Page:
Agnes Kelemen




2015- Ph.D. program in Comparative History, Central European University, Budapest, Hungary.

2014-2015 Fellowship at Paidiea-The European Institute for Jewish Studies in Sweden, Stockholm.

2012-2014 Master of Arts in Nationalism Studies with a specialization in Jewish Studies, Central European University, Budapest

2008-2012 Bachelor of Arts in History and Religious Studies, Eötvös Loránd University, Budapest

2011 Summer Academy “The Jews in the Holy Roman Empire and its Successor States”, Fürth

2009-2010 Studies in Modern History and Contemporary History, Università degli Studi di Roma La Sapienza, Rome, Italy

Honors and Awards 

2018-2019 Full CEU Doctoral Fellowship – granted by the Central European University

2017 Academic Achievement Award for First-Year Doctoral Students -granted by the Central European University

2016 –2017 Leo Baeck Fellowship – granted by the German Studienstiftung and the Leo Baeck Institute London

2015-2016 Full CEU Doctoral Fellowship – granted by the Central European University

2014-2015 Paideia Scholarship – granted by Paidiea – The European Institute for Jewish Studies in Sweden

2012-2014 Partial CEU Fellowship for Master’s Students -granted by the Central European University

Teaching Experience

2018 Independent teaching, undergraduate seminar, Sociology Department, Eötvös Loránd University, Budapest.

2017 Teaching Assistant of the Historiography lecture and seminar taught by Prof. Carsten Wilke and Prof. Daniel Ziemann

2017 Teaching Assistant of the Historiography Master Class “The Russian Revolution as History” taught by Professor Sheila Fitzpatrick


The Migration of the Numerus Clausus Exiles. Hungarian Jewish Students in Interwar Europe

Agnes’s dissertation (expected defense: 2019), “The Migration of the Numerus Clausus Exiles. Hungarian Jewish Students in Interwar Europe”, investigates the connection between academic antisemitism, social mobility and migration through a sociological study of the “numerus clausus exiles” (students who left interwar Hungary due to the 1920 antisemitic numerus clausus law). Based on a database of over 1000 Hungarian students enrolled in universities abroad -Czechoslovakia, the First Austrian Republic, Weimar Germany and Fascist Italy – constructed by the author, the dissertation analyzes the social background of émigré students -most of whom were Jewish – and compares it with the social background of Jewish students enrolled in Hungarian universities in the same period. In this way important conclusions are made about the question who “made it into the Jewish quota” of Hungarian universities that was imposed by the 1920 “numerus clausus” law. Through the examination of interwar Hungarian media the dissertation also reviews the discourses related to the student migration provoked by the numerus clausus and compares them with narratives of students concerned which were constructed in students’ ego documents, often memoirs and autobiographies that they wrote decades later as Shoah survivors. Finally, based on databases of Shoah victims and survivors, the last chapter follows up the life trajectories of students who between the two world wars studied in universities abroad as the “exiles of the numerus clausus”.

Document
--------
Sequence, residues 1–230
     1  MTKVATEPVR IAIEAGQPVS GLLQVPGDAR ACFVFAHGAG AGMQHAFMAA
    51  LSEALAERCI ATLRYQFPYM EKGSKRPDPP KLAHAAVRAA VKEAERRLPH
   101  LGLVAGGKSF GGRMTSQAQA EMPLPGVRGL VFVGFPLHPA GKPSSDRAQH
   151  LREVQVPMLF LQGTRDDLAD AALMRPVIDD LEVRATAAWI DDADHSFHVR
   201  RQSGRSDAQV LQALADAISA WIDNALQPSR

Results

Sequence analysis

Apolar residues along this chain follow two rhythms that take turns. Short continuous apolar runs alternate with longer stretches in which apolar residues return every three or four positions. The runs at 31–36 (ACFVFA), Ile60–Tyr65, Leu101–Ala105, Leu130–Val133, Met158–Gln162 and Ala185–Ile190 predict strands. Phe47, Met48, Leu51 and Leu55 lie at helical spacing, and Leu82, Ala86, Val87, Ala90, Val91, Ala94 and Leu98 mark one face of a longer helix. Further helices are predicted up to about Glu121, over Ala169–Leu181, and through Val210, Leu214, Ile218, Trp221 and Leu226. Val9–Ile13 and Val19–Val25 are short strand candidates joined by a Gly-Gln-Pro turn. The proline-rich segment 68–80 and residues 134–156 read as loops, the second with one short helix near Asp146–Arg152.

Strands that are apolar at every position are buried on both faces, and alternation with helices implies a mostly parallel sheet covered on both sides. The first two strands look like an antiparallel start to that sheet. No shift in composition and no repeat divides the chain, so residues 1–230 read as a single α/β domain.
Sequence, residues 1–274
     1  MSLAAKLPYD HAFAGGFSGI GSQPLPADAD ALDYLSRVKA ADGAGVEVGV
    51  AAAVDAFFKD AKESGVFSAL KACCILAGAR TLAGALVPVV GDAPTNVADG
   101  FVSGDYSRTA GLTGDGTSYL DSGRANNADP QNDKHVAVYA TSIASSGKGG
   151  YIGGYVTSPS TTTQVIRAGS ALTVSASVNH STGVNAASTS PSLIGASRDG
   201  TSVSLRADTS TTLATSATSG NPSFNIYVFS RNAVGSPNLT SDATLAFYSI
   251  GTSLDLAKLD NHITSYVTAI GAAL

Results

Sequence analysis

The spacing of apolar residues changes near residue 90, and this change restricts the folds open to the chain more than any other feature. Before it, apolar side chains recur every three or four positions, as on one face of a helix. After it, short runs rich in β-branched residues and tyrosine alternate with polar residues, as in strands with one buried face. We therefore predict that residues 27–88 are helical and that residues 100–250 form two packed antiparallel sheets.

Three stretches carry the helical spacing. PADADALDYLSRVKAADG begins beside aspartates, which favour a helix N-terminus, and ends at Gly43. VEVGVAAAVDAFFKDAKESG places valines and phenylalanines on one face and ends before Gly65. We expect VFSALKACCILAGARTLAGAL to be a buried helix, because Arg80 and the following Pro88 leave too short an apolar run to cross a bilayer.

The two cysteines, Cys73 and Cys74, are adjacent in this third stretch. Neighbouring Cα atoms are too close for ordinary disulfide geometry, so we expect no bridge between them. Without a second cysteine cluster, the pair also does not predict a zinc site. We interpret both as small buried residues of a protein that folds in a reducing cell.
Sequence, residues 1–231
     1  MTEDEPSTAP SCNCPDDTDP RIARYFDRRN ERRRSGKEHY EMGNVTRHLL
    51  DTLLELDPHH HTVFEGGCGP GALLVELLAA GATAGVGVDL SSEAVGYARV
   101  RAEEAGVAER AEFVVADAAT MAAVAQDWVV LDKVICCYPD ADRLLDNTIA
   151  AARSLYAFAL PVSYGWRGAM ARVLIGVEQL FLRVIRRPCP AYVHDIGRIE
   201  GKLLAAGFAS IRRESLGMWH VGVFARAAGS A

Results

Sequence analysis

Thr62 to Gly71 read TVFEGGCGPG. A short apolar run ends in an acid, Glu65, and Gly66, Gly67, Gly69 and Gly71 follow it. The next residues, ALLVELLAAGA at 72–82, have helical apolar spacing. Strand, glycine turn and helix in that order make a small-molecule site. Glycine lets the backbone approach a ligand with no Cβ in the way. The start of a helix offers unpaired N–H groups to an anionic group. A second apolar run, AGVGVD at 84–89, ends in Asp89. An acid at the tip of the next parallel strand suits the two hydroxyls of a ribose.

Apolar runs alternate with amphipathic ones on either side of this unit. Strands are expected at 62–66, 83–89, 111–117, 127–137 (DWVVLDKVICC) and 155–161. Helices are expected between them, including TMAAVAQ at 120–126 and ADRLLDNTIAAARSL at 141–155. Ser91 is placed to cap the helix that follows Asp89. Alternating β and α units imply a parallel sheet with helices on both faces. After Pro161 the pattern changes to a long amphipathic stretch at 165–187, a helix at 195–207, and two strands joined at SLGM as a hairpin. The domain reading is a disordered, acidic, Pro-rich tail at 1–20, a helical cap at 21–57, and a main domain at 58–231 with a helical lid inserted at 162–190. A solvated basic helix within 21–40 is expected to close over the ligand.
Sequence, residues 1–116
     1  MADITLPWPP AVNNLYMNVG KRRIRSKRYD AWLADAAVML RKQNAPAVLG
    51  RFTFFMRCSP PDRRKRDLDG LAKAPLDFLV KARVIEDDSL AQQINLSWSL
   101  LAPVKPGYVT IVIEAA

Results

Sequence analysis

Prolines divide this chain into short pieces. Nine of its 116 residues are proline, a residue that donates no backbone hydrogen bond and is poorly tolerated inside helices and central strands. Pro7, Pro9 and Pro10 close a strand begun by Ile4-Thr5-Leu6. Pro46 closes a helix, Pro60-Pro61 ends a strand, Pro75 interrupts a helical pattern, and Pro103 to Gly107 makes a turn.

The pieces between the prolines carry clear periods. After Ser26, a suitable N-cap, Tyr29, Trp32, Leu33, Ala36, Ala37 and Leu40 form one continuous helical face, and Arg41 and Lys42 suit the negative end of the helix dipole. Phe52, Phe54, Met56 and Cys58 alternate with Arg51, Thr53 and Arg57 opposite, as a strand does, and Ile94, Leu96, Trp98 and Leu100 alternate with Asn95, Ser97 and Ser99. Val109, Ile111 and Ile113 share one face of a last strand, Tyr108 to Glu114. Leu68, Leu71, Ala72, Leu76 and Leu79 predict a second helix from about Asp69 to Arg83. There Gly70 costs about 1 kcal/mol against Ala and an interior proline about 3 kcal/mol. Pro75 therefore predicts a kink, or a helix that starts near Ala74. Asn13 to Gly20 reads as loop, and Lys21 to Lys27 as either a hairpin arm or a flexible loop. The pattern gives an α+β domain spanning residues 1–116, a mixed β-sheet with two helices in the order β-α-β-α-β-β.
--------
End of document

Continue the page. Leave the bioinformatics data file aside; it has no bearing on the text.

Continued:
2017 Agnes Kelemen. “New approaches to the history of the Jews under Communism,” Judaica Bohemiae 52:2,123-126.

2017 Kelemen, Ágnes Katalin. “ A zsidó önazonosság és szolidaritás kérdései Erdélyben az első világháború után ( Questions of Jewish identity and solidarity in Transylvania after the First World War, ” Múltunk, 62:4, 137-159.

2017 Ágnes Katalin Kelemen. “Cedaka az Olaszországban tanuló numerus clausus száműzöttekért (Tzedakah for the exiles of the numerus clausus studying in Italy),” Yerusha- Online Journal of Judaism and Cultural Anthropology. (Accessed: May 9, 2018).

2017 Agnes Katalin Kelemen. “Zionists in interwar Czechoslovakia: minority nationalism and the politics of belonging,” European Review of History: Revue européenne d’histoire, 24:4, 657-658.

2017 Ágnes Katalin Kelemen. “A numerus clausus száműzöttjei. Magyar orvostanhallgatók külföldön (The Exiles of the Numerus Clausus. Hungarian Medical Students Abroad),” Szombat, 29:1, 9-12.

2015 Agnes Katalin Kelemen. “The Semaphore of Mobility: Hungarian Jewish Press and Peregrination to Fascist Italy,” Annali di Storia delle Università Italiane, 19:2, 41- 53.

2015 Ágnes Katalin Kelemen. “The Exiles of the Numerus Clausus in Italy.” In Judaica Olomucensia, 1:1, 56-103.

2014 Ármin Bálint. Feljegyzések Gyuri fiam részére. Napló 1944-ből (Notes for My Son, Gyuri. A Diary from 1944). Foreword and notes by Ágnes Katalin Kelemen. Budapest: Múlt és Jövő, 2014.

2014 Ágnes Katalin Kelemen. “Visszapillantás a toronyőrre. Bálint Györgyről (The Tower Watchman in Retrospect. György Bálint),” “Zsidó” identitás-képek a huszadik századi magyar irodalomban (“Jewish” Identities in Twentieth Century Hungarian Literature), ed. by Gábor Schein and Teri Szűcs. Budapest: ELTE Eötvös Kiadó: 91-100.


Agnes Kelemen